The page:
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chapter v - George Turnbull, Observations upon Liberal Education, in All its Branches 
Observations upon Liberal Education, in All its Branches, ed. Terrence O. Moore, Jr. (Indianapolis: Liberty Fund, 2003).
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Of instruction in poetry and her sister arts, painting, sculpture, music and architecture; and the place which these arts of design ought to have in liberal education, in order to form elegant taste, which is one of the best preservatives against luxury, being naturally assistant to, and corroborative of virtue.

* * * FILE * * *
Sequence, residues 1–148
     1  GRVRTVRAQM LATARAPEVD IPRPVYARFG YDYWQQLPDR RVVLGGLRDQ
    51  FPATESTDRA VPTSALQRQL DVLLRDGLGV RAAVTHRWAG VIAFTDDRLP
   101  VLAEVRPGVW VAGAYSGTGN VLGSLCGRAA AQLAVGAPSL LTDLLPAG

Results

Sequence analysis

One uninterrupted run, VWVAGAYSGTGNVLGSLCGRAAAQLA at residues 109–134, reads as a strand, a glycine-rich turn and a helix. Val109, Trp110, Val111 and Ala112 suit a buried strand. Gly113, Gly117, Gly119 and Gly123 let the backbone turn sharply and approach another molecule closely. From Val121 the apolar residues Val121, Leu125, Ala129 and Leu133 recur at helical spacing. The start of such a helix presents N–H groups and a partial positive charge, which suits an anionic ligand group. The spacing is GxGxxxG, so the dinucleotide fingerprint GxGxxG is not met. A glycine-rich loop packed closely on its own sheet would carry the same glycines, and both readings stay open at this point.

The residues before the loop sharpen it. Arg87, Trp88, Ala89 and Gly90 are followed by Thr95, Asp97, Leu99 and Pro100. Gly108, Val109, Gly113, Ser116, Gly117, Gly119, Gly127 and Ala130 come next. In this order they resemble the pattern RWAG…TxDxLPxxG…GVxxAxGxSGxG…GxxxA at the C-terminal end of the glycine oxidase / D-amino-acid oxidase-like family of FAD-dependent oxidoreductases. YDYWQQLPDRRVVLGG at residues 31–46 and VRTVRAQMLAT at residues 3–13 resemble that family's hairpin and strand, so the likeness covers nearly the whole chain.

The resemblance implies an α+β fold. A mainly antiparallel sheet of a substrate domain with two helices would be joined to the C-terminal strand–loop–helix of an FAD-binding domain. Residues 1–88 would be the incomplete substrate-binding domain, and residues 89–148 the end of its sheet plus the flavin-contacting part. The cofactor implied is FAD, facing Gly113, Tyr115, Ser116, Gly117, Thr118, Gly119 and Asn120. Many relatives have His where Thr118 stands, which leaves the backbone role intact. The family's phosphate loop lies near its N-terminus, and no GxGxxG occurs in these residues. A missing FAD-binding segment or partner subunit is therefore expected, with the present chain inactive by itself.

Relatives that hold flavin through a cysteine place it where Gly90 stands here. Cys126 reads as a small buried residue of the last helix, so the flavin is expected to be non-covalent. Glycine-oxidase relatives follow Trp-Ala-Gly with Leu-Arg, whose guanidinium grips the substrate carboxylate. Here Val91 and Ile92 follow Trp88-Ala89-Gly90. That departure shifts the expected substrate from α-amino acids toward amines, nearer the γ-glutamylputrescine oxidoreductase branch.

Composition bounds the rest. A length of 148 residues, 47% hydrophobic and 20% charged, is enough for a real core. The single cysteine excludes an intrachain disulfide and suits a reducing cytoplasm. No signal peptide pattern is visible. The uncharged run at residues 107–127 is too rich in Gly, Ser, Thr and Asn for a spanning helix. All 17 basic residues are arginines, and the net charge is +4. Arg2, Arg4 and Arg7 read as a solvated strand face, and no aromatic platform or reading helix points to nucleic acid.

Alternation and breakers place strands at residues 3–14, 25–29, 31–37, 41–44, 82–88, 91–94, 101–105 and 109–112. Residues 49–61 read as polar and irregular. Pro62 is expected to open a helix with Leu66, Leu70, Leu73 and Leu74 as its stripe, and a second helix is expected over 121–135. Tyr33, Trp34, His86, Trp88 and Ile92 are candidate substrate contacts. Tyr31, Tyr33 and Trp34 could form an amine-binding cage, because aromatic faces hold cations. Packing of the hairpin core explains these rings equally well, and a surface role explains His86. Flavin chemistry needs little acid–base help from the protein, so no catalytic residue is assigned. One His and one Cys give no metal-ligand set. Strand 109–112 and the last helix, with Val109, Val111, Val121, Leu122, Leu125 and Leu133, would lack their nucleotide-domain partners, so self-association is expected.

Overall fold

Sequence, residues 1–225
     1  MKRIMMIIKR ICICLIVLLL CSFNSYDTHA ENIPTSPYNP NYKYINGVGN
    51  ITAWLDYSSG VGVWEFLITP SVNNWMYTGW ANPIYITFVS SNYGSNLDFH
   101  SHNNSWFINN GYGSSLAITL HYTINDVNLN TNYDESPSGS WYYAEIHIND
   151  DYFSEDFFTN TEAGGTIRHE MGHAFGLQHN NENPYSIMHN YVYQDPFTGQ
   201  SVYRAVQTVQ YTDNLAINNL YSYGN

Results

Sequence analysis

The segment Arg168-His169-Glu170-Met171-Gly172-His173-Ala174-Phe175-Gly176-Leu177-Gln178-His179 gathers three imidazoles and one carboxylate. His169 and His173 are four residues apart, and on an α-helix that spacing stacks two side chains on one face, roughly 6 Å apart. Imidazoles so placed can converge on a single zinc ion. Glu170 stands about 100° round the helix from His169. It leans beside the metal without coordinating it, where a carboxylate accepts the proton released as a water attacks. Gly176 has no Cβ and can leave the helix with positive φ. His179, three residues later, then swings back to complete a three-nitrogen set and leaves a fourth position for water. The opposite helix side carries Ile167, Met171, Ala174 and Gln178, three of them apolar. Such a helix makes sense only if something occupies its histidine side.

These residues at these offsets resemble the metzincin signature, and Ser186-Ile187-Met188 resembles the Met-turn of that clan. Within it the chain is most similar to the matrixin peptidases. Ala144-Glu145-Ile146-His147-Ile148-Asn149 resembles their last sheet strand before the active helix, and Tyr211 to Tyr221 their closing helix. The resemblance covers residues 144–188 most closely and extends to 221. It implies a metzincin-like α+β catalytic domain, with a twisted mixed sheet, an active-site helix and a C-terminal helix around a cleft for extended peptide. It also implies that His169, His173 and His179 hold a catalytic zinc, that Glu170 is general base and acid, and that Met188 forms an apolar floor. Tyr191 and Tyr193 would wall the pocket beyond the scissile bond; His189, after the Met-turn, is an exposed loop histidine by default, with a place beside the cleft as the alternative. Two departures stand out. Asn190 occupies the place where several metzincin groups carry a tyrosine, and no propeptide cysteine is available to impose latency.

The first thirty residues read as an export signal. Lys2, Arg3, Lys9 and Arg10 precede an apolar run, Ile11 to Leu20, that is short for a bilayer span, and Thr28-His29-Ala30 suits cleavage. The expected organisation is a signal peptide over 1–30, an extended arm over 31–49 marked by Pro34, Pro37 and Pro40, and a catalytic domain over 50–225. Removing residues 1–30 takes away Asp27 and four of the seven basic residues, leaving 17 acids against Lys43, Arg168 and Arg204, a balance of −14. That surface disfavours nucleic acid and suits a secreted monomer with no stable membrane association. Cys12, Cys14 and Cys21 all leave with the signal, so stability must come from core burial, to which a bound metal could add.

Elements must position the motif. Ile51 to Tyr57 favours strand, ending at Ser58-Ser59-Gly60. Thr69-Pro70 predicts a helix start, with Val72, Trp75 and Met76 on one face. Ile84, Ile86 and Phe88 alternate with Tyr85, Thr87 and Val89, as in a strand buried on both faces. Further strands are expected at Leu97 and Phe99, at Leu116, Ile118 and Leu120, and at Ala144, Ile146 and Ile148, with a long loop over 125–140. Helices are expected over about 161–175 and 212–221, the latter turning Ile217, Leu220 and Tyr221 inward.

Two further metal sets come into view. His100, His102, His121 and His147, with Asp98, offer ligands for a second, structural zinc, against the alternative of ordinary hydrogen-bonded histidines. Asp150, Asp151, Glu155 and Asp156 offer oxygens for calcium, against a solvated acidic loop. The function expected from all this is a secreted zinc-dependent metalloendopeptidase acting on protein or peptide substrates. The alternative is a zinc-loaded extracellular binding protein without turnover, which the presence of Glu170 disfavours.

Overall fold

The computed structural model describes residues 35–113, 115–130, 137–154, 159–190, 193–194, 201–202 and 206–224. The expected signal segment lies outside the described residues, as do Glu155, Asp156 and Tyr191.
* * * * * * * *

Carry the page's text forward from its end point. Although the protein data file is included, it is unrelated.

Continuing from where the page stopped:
The more ordinary course of education hath obliged us to take a great deal of pains to prove a very plain truth, “That science, or real knowledge, and not mere words, ought to be its principal object and scope.” And we have sufficiently shewn what we mean by the science or real knowledge which qualifies for usefulness, whether to one’s self, or to society. The science of nature, which at once teaches men how they may employ material things for their benefit and advantage, and unfolds to them the character of the supreme creator and governor of all things, in conformity to whose will our dignity and happiness must consist: And such a clear and full knowledge of human rights and duties, as that we may be able, in every circumstance of life, however complicated, easily to discern what virtue and public good, and by consequence, the laws of our Maker for our conduct, require at our hands, and oblige us to do, if we would act a truly worthy and right part, and approve ourselves to him who is perfect rectitude. The great art of education therefore lies in contriving and employing proper methods for engaging the young early in the love of these studies, and for early instilling the more important truths belonging to these sciences into their minds, and impressing them deeply upon them. I may perhaps be thought to have taken language in a very uncommon sense in the former chapter, when I hinted, that all that can belong to education may be reduced to these two general heads, science and languages. But that I have used language in its justest, as well as most comprehensive meaning, will be obvious to every one who but reflects, that there can be but two objects of human enquiry; truths themselves, i.e. real connexions in nature or facts, and the various manners of making truths understood and felt. Under science then we comprehend all truths or facts relating to the natural world, or to human nature, which can be discovered by experience or inferred from experiments, and by comparing properties known by experience one with another. So that we may divide science into natural and moral, and both into experimental and abstract; experimental which infers facts and rules from experiences; abstract, which shews what properties may, must, or cannot co-exist. Besides these, there plainly remains no other subject of enquiry to us, but the different methods of expressing, embellishing, or enforcing and recommending truths discovered by either these ways in either kind: And such methods we call in one word languages; under this idea, the didactic stile, oratory, poetry, and likewise all the arts of design, statuary, sculpture, painting, plainly fall. And therefore, if right education ought to teach and instruct first of all, or chiefly in truths, but next in the various good methods or arts of expressing or conveying truths into the mind, no sooner is a pupil led into the discovery of any truth, than he ought to be employed in comparing and examining several different ways, by which it may be unfolded, explained, cleared up, proved, adorned, beautified, or enforced, and recommended by oratory, poetry, or painting. For to apply this general observation to painting, which at first sight appears, and is commonly reckoned so remote from philosophy, nothing is more evident, than that pictures, which neither convey into the mind ideas of material laws, and their effects and appearances, nor moral truths, i.e. moral sentiments and corresponding affections, have no meaning at all; they convey nothing, because there is nothing else to be taught or conveyed. But on the other hand, such pictures as answer any of these ends, must for that reason speak a language, the correctness, strength, purity and beauty of which it must be well worth while to understand as a language, especially, since such a language is, as far as it can go, an universal one, the signs it uses being universal signs of nature’s establishment, the meanings of which never vary, but remain in all countries, and always the same.